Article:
Could have done with Osama bin Laden staying alive?

    Robert Fisk on the Fountainheads of World Evil in 2011 - and 2015
    New exhibition celebrates the evolution of swimwear

    Evolution of swimwear

    From bathing dresses in the twenties to modern bikinis
    Sun, sex and an anthropological study: One British academic's summer of hell in Magaluf

    Sun, sex and an anthropological study

    One academic’s summer of hell in Magaluf
    From Shakespeare to Rising Damp... to Vicious

    Frances de la Tour's 50-year triumph

    'Rising Damp' brought De la Tour such recognition that she could be forgiven if she'd never been able to move on. But at 70, she continues to flourish - and to beguile
    'That Whitsun, I was late getting away...'

    Ian McMillan on the Whitsun Weddings

    This weekend is Whitsun, and while the festival may no longer resonate, Larkin's best-loved poem, lives on - along with the train journey at the heart of it
    Kathryn Williams explores the works and influences of Sylvia Plath in a new light

    Songs from the bell jar

    Kathryn Williams explores the works and influences of Sylvia Plath
    How one man's day in high heels showed him that Cannes must change its 'no flats' policy

    One man's day in high heels

    ...showed him that Cannes must change its 'flats' policy
    Is a quiet crusade to reform executive pay bearing fruit?

    Is a quiet crusade to reform executive pay bearing fruit?

    Dominic Rossi of Fidelity says his pressure on business to control rewards is working. But why aren’t other fund managers helping?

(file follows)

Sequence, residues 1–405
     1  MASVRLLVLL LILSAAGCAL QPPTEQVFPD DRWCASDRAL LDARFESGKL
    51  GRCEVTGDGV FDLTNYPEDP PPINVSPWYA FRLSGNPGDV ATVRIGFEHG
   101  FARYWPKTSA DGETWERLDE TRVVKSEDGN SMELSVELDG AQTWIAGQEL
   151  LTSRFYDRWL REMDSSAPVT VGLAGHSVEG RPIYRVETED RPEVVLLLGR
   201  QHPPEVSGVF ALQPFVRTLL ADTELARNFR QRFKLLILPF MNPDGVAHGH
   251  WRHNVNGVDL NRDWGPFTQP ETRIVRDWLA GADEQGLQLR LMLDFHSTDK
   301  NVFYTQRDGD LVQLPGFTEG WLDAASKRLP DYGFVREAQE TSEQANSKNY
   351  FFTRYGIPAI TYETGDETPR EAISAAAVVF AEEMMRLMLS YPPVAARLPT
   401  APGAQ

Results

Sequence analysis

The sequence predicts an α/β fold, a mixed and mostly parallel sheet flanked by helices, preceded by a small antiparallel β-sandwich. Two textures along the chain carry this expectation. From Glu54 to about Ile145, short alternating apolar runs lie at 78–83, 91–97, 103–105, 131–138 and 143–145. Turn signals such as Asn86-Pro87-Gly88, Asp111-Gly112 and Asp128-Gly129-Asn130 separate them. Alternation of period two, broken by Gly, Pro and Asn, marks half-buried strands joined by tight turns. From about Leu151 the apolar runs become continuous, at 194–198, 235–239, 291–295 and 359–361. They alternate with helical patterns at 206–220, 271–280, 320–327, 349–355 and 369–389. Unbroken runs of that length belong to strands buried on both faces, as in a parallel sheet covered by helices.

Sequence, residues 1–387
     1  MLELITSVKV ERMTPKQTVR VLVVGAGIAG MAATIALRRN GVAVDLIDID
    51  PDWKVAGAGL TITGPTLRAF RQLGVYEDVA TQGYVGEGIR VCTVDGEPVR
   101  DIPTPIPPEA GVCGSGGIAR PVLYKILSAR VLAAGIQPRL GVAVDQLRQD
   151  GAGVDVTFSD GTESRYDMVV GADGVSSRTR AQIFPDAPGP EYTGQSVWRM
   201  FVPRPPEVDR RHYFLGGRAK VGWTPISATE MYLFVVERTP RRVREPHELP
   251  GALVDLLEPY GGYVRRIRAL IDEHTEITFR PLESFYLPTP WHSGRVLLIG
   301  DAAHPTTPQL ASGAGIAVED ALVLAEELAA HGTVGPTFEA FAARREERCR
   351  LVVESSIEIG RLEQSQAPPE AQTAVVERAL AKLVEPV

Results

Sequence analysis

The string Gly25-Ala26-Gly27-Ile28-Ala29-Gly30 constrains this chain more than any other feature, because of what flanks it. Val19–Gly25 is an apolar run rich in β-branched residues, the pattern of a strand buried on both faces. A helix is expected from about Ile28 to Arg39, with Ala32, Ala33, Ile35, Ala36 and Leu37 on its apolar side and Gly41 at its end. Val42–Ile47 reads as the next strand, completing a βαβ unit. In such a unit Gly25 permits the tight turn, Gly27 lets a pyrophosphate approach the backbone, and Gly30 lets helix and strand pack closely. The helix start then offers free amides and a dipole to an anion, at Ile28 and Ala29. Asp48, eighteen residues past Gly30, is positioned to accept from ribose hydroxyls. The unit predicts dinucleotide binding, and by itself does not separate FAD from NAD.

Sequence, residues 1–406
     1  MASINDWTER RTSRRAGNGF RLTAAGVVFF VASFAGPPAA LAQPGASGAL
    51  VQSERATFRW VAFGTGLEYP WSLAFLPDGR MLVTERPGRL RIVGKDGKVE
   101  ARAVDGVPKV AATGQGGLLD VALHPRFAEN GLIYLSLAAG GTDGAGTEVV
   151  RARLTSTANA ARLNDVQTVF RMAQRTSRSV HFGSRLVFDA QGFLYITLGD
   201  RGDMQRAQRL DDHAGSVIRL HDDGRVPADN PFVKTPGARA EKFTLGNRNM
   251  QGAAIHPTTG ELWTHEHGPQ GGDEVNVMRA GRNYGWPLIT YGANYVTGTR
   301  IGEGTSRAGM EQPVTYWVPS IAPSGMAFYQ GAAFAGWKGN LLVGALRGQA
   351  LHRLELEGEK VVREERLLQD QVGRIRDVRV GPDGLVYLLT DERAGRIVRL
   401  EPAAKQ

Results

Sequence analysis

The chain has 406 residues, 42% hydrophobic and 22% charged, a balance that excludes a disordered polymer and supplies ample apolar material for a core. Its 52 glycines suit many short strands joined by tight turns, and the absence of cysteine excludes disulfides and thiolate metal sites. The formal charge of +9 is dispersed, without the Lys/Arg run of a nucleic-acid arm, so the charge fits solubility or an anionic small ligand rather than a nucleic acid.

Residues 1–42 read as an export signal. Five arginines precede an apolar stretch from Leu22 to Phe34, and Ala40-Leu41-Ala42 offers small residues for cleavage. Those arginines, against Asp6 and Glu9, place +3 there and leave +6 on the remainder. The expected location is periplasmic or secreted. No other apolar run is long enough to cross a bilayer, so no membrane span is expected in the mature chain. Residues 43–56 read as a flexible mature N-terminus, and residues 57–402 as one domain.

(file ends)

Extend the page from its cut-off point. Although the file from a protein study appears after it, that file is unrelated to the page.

The King David Hotel gives precious work to Palestinians - unless peace talks are on

    King David Hotel: Palestinians not included

    The King David is special to Jerusalem. Nick Kochan checked in and discovered it has some special arrangements, too
    More people moving from Australia to New Zealand than in the other direction for first time in 24 years

    End of the Aussie brain drain

    More people moving from Australia to New Zealand than in the other direction for first time in 24 years
    Meditation is touted as a cure for mental instability but can it actually be bad for you?

    Can meditation be bad for you?

    Researching a mass murder, Dr Miguel Farias discovered that, far from bringing inner peace, meditation can leave devotees in pieces
    Eurovision 2015: Australians will be cheering on their first-ever entrant this Saturday

    Australia's first-ever Eurovision entrant

    Australia, a nation of kitsch-worshippers, has always loved the Eurovision Song Contest. Maggie Alderson says it'll fit in fine